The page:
Loading...
Menu

Academic Orientation

p={color:#000;}.

 

~~***~~

Copyrighted © 2016 John Monyjok Maluth

***

Shakespir Edition

***

Discipleship Press

Website: www.discipleshippress.com

Email: [email protected]

 

P.O. Box 30870, Nairobi Kenya

Shakespir Edition, License Notes

 

Thank you for downloading this free ebook. Although this is a free book, it remains the copyrighted property of the author, and may not be reproduced, copied and distributed for commercial or non-commercial purposes. If you enjoyed this book, please encourage your friends to download their own copy at Shakespir.com, where they can also discover other works by this author. Thank you for your support.

TABLE OF CONTENTS

Introduction

Unit 1: Academic Research Basics

Unit 2: Study Techniques

Unit 3: Academic Writing Basics

Recommended Readings

Introduction to Academic Orientaion

The academic orientation course is a course that orients students in the academic environment. This academic study course consists of research methods, learning techniques and academic writing guidelines. Composing a full academic paper is very different from writing any informal paper.

In that respect, there are different academic writings and reporting formats also covered in this module.

At the end of this course, the students will be able to understand and practice the knowledge about academic research and academic writing, both theoretically and practically.

This academic study course is both technological and practical. It is technological because it requires technical work and it is practical because each student must put these principles and techniques into practice.

UNIT 1: ACADEMIC RESEARCH BASICS

[]Definitions

The term research can mean different things to different people. Grounded on this fact, research in this context means searching again and again. It is a repeated work even after ascertaining the potential causes of a trouble.

Thither are many types of research work with their diverse methods and techniques. In this track, we are concentrating on academic research based on humanities and social sciences – theology.

According to Concise Oxford English Dictionary, 11th Edition, research is a “systematic investigation into and study of materials and sources in order to establish facts and reach new conclusions. The word comes from an obsolete French “recerch (noun), recercher (verb), from Old French re- (expressing intensive force + cerchier ‘to search’.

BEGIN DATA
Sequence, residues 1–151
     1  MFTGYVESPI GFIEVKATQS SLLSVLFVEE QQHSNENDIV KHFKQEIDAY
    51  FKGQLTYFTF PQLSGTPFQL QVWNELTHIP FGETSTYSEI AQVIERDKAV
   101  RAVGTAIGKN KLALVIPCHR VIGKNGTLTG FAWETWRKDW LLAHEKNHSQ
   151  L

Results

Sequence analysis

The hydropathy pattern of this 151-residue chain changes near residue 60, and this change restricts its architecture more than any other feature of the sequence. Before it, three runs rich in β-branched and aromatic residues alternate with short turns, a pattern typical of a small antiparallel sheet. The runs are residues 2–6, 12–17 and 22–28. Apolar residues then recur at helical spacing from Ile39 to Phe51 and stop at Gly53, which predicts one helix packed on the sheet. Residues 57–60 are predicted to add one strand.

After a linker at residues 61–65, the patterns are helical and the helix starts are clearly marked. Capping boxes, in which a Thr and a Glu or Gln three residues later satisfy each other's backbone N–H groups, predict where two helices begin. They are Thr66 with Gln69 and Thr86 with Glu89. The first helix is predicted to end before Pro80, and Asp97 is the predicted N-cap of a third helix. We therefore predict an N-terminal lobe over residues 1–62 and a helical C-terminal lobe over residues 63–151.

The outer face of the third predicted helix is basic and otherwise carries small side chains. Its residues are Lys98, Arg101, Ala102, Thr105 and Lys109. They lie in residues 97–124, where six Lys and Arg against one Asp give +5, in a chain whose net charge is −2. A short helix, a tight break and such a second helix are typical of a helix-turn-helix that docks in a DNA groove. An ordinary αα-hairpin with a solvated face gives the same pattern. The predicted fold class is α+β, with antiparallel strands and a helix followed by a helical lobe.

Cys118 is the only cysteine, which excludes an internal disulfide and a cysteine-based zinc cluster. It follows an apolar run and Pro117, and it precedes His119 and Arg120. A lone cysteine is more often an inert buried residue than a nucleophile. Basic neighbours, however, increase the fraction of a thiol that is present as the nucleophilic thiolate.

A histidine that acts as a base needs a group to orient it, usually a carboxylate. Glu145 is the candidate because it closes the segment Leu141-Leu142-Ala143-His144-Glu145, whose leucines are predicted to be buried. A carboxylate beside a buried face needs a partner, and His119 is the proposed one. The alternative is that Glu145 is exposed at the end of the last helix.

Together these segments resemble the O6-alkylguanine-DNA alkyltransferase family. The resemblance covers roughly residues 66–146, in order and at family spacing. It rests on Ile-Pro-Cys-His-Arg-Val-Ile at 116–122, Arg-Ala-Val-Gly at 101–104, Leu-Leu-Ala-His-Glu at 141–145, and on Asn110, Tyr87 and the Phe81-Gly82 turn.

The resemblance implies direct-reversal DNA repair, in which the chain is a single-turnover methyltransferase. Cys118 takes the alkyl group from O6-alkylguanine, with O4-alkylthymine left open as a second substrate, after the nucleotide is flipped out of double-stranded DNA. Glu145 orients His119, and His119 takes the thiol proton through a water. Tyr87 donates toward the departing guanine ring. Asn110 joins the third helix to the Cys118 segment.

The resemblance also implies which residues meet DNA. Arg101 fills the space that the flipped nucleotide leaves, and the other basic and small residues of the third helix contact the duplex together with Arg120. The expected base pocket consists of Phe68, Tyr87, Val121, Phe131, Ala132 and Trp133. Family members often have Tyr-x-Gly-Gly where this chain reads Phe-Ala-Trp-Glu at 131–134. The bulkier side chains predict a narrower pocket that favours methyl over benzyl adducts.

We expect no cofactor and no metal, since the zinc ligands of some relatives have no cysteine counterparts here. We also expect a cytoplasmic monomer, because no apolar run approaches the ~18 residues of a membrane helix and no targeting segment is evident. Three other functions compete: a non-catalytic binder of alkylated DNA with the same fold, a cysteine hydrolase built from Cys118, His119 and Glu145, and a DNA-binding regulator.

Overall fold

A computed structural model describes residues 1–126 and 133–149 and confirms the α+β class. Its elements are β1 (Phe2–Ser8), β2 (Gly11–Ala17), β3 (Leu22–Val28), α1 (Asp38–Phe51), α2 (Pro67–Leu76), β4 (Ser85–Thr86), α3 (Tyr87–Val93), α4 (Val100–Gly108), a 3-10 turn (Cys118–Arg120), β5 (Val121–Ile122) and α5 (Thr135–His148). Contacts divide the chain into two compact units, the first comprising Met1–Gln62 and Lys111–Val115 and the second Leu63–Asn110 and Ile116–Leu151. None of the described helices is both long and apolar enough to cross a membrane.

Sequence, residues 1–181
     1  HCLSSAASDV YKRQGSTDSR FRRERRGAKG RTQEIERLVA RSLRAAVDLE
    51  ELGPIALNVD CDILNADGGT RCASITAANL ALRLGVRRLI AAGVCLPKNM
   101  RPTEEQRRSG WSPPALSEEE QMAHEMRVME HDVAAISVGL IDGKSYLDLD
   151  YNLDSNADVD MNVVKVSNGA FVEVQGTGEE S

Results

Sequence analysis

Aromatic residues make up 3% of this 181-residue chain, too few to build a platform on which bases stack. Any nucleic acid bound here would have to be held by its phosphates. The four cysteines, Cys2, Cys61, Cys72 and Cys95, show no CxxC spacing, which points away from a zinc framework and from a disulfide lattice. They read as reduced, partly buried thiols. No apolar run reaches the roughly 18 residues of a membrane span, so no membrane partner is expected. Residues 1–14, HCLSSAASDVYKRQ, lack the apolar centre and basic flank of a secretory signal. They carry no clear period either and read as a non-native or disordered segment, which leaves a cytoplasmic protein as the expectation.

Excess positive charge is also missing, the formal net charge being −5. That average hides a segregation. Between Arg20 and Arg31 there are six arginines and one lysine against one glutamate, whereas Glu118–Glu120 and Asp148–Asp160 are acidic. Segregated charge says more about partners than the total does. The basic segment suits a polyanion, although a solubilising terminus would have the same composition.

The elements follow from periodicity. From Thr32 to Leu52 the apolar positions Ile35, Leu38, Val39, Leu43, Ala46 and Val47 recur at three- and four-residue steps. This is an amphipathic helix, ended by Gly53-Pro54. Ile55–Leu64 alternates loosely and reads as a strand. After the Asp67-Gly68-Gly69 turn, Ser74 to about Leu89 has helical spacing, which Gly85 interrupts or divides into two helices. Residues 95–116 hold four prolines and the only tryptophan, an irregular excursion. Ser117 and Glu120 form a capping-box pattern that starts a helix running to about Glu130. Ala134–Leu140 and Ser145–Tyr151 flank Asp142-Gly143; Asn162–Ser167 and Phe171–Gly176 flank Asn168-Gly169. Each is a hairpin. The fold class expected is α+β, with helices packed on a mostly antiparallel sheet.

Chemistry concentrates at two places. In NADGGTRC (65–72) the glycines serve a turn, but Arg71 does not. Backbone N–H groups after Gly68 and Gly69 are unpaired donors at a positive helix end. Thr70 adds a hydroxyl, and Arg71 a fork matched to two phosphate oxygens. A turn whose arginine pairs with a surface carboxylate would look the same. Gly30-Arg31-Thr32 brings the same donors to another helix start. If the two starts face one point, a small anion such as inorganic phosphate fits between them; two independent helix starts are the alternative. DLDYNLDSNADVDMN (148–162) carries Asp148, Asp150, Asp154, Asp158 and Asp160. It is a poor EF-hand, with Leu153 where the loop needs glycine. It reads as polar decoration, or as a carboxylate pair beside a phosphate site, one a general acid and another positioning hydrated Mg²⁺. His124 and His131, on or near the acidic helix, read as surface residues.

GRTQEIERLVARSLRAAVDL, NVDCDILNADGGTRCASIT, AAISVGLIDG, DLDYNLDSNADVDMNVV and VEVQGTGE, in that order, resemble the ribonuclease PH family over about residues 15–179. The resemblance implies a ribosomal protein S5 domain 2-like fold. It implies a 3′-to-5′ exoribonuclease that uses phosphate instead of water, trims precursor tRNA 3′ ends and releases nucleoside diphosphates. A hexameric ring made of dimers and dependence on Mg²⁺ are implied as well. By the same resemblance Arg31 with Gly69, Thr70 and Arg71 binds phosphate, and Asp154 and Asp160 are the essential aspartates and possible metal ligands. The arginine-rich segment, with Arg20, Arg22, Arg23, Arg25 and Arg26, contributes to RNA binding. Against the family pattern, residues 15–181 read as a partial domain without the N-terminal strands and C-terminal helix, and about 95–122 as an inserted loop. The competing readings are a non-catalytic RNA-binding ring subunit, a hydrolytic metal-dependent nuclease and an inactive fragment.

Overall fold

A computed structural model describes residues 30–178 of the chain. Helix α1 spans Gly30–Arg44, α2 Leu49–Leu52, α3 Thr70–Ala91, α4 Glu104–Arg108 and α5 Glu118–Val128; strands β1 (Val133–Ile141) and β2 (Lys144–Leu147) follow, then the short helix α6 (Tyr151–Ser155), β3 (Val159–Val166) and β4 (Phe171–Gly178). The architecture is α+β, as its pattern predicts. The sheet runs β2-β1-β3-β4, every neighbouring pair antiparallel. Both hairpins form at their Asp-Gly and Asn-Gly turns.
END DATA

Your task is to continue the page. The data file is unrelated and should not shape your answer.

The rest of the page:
Research Methods

In research, there are descriptive, historical, structure-factual, statistical and conceptual or analytical methods of inquiry.

In all research methods, one will have to utilize one or many of the data collection methods and techniques such as questionnaires, interviews, observations, case studies and experiments depending on what type of research one is conducting.

*
p<>{color:#000;}. Descriptive method

*
p<>{color:#000;}. Historical method

*
p<>{color:#000;}. Structure-factual method

*
p<>{color:#000;}. Statistical method

*
p<>{color:#000;}. Conceptual method

*
p<>{color:#000;}. Analytical method

Research Types

There are many types of research, such as natural sciences, social sciences and humanities.

Research Problem Statement

Research is a way of finding the possible cause of a problem and it proposes ways to resolve or solve the problem.

Thus, you must deliver a problem before you attempt to resolve it. Your problem in this sense is finding a subject that you can write about.

As the term indicates, ‘research’ is a repeated search for something not precisely a normal search which ends when one finds what was lost.

A research problem can be in a statement form or inquiry form. It entirely depends on the tutor who chooses a research question.

You may be required to write about the history of Christian Faith. You will be required to submit the research problem in your own style using your own language. Research problem will help you come up with your research design and format.

The research problem statement will also aid you in reading because it will assist you pick out the proper fabrics from many others. In this class, you will be required to scan scripts from the library after you have chosen your topic of inquiry. But, how do you read?

Reading has got many different techniques that you have to master. What do you do when you are asked to read a book of 350 pages big? You will require some reading techniques that will help you study the right material within that great book.

The research problem:

*
p<>{color:#000;}. Can be in a question or statement forms.

*
p<>{color:#000;}. Must be a complete and clear sentence.

Data Collection

After coming up with your research paper rubric, you will have to select the resources you require to complete your research study. You will have to employ some techniques in selecting your resources.

*
p<>{color:#000;}. Questionnaires

*
p<>{color:#000;}. Interviews

*
p<>{color:#000;}. Eperiments

*
p<>{color:#000;}. Case studies

Techniques such as the SQ3R (Survey, Question, Read, Recall and Review) are important to be habituated.

One necessitates to apply the reading techniques in order to obtain the proper materials that support the points.

When you appraise your information, you need critical thinking, critical analysis of information, and critical reading. Critical reading and critical thinking are not the same things even though you may suffice them the same time.

In academic writing world, your arguments must be objective in the sense that they must be founded on common facts not on your own imaginations and assumptions.

Stages of Research Process

There are four main stages of research process known as, preparatory, operational, analytical and concluding.

In the beginning phase, you define your research problem statement. In the second level you begin outlining and then study the information before you finally edit and proofread your work.

Most authors suggest you share the final work with a trusted friends who will help you realize your own mistakes that you may not see by yourself before you submit your work for marking and grading.

*
p<>{color:#000;}. Preparatory Process

*
p<>{color:#000;}. Operational Process